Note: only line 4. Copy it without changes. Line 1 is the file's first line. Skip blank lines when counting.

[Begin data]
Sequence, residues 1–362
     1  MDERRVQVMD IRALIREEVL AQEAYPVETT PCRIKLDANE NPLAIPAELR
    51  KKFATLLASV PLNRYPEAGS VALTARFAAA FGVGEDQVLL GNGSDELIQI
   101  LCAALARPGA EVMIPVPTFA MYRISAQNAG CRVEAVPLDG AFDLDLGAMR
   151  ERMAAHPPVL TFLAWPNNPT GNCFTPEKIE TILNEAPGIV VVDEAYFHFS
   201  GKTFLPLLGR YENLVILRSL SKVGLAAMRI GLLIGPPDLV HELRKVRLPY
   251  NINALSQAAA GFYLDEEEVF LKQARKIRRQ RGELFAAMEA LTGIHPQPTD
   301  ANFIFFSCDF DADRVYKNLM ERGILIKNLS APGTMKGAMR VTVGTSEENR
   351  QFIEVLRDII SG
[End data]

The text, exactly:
   101  LCAALARPGA EVMIPVPTFA MYRISAQNAG CRVEAVPLDG AFDLDLGAMR